Responding to the COVID-19 jobs crisis and beyond: building an evidence base for public policy

CERIC Members win £37, 9k grant from the Research England Strategic Priorities Fund. to undertake research into the current jobs crisis resulting from the Covid-19 pandemic.

Team: Professors Mark Stuart, David Spencer, Christopher Forde (with Dr Chris Mclachlan, Cranfield)

Background: The COVID-19 crisis is having a profound effect on the UK labour market. The government sought to protect the labour market through the first national lockdown via the introduction of the Job Retention Scheme (JRS – also known as the furlough scheme). A novel initiative in the context of UK labour market policy, the JRS offers employers wage support of up to 80 per cent to cover the furlough of workers. Evidence suggests the furlough scheme has been well received by business groups – including the Confederation of British Industry and the Trade Union Congress – and in financial terms it constitutes the most significant response by the government to the COVID-19 crisis. Take-up of the scheme has been high, with nearly 10 million claims, and at the peak of the first lockdown nearly 1/3 of the UK labour market was on furlough; helping to prevent a large-scale increase in unemployment.  
The continuation of the JRS has, however, been plagued by uncertainty and the government has revised and extended the scheme numerous times – it now runs to the end of March 2021. Uncertainty has impacted employers’ planning, with the result that the latest labour market data (which coincides with the scheme’s original end date) shows a record monthly increase in redundancies (larger than 2008). Problematically, there is no evidence-base to guide policy makers, in terms of employers’ use of furlough, their experiences and expectations of its effects, their preferences for job support, or their future employment plans beyond furloughing. There are surveys of workers’ experiences, but no robust employer data to help inform a more strategic and coordinated approach to policy making to help protect employment through and beyond the crisis. We propose to conduct the first national survey of employers’ use of furlough.  
Contribution and approach: The proposed research meets the Research England QR criteria in two respects. First, the research extends an ongoing project that examines employers’ job retention strategies during and beyond the crisis. We already have one paper at revise and resubmit at a leading journal. Second, the proposed employers’ survey will entail new research activity that will generate an evidence base of significant interest to policy makers and external beneficiaries. We have support for the survey from the Trade Union Congress, The Advisory, Conciliation and Arbitration Service, the Chartered Institute for Personnel and Development, British Chambers of Commerce and various sectoral employers’ federations (including retail and engineering). We can engage these beneficiaries at national, regional and local level and will also partner with key government departments, such as BEIS and DWP, to ensure co-production and wider policy impact. The activities and outputs will be threefold:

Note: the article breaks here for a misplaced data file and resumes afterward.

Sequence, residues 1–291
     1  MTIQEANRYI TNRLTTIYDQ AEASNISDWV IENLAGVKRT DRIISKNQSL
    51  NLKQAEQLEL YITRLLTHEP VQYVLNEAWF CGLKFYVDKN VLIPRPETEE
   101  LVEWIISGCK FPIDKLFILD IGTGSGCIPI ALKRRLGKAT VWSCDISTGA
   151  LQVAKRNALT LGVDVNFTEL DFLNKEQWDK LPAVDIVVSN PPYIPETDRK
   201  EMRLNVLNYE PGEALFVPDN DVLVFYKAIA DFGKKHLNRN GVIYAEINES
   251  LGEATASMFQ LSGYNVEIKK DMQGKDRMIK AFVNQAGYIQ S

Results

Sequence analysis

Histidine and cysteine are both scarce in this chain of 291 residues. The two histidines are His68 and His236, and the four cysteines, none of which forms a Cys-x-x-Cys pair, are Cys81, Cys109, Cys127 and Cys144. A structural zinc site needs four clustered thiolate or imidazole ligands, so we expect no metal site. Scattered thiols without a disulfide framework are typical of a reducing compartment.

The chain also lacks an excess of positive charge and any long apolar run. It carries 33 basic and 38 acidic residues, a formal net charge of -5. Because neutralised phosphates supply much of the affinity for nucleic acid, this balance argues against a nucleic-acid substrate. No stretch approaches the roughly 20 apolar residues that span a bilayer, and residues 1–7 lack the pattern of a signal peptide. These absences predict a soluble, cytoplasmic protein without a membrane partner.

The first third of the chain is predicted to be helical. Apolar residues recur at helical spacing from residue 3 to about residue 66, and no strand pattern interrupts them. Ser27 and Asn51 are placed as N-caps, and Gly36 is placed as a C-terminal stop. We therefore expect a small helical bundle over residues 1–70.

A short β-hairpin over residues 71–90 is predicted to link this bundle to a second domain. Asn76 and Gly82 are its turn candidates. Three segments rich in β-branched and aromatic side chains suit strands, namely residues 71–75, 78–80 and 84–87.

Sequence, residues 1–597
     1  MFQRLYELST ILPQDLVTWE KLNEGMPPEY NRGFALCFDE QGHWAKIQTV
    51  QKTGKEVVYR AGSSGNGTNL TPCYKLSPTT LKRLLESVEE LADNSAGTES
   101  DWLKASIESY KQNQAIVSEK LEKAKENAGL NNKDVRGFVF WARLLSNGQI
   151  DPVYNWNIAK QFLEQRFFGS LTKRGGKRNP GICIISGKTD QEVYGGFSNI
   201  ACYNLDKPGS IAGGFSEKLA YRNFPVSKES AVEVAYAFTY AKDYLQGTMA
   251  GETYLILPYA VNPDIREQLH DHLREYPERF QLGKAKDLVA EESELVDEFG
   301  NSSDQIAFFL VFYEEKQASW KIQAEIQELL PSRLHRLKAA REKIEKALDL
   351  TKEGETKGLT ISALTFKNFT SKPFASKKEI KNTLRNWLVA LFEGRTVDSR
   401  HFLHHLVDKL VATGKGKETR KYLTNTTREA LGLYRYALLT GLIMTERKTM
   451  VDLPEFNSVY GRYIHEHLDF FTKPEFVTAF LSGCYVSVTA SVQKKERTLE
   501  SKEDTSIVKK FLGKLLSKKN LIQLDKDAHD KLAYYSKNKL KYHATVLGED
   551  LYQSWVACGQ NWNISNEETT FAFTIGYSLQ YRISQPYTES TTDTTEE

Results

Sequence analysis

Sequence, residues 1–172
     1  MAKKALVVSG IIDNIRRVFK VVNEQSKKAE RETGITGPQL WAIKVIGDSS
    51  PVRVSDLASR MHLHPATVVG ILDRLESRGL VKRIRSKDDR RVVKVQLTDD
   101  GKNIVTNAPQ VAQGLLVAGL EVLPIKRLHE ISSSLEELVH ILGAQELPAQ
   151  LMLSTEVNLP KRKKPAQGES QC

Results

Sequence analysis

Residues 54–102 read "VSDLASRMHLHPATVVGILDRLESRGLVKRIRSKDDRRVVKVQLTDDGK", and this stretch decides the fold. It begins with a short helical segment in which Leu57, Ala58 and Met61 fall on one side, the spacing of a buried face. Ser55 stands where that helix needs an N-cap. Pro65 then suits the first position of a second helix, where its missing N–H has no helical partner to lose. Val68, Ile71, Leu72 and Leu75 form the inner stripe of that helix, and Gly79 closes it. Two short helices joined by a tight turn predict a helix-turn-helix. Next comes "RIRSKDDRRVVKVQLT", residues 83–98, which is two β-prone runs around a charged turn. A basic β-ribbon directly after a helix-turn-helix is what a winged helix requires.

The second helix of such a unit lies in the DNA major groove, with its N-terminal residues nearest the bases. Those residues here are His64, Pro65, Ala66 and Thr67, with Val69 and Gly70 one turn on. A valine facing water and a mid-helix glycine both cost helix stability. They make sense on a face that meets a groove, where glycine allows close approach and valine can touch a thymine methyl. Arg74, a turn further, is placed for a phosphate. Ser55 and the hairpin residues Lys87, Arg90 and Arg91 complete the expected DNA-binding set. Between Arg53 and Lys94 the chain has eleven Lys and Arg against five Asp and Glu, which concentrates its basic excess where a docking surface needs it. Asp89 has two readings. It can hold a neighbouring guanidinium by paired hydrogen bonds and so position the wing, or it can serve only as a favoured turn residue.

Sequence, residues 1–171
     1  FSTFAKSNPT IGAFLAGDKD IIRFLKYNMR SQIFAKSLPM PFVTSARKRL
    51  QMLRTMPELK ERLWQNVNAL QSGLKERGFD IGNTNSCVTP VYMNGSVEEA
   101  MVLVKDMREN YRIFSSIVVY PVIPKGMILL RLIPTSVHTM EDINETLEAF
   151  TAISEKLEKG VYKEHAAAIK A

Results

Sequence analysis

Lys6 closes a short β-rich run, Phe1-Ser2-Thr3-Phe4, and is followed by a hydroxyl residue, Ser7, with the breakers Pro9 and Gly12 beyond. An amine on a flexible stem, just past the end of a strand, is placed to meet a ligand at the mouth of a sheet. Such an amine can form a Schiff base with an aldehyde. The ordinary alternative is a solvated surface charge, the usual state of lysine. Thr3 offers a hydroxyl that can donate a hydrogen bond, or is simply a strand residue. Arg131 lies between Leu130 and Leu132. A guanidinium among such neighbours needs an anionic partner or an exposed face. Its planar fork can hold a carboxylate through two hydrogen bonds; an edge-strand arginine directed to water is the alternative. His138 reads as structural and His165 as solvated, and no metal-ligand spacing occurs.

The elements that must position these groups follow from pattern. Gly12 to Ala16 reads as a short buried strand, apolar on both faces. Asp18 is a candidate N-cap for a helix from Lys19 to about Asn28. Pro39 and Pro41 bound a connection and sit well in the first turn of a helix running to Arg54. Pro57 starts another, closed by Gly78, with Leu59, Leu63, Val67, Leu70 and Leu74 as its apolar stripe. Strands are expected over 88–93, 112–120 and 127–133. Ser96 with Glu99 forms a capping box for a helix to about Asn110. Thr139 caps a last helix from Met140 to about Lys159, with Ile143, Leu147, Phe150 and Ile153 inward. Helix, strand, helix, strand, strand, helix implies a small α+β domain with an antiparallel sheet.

1.    Workshop 1 – we will constitute a stakeholder group, comprising the above beneficiaries, and will host a workshop in early December to discuss addressing the emerging jobs crisis and the value of the furlough scheme. This will include the presentation and evaluation of our survey instrument, to ensure external input into its design.  
2.    Administration of employers’ survey – the survey will be launched early in the New Year. The survey will be distributed online, take 20-30 minutes to complete, with a target response of 1,500 employers – including a regional sample of 500 firms. We have an initial quote from Opinium (a leading survey agency), who have confirmed it will take between 4-6 weeks to administer, reach the number of required responses and return to the research team for analysis. (we also have estimates from two other survey houses, to ensure we meet purchasing protocols)
3.    Launch event – The survey method will allow for rapid response data collection and analysis. We will host a launch event – with the publication of a formal report - in late March 2021. This will include an initial closed workshop with our stakeholder group, followed by an open event for external beneficiaries including policy makers, practitioners and think tanks. An accompanying press release will ensure widespread media attention in the findings.
The total cost is £37, 903.32.

Long-term outcomes:  The furlough scheme is seen as a crucial policy instrument to help mitigate the economic impacts of the COVID-19 crisis. Our findings and report will contribute to a wider public debate about the long-term viability of such a scheme as the UK looks to ‘build back better’ from the crisis. This will resonate at local, regional and national level amongst the key actors in our stakeholder group, and our survey will confer significant reputational effects for Leeds within leading public policy circuits.  We have already been asked to submit evidence on quality of working life to the House of Lords Covid-19 Committee, and will be able to feed our findings to this ongoing inquiry.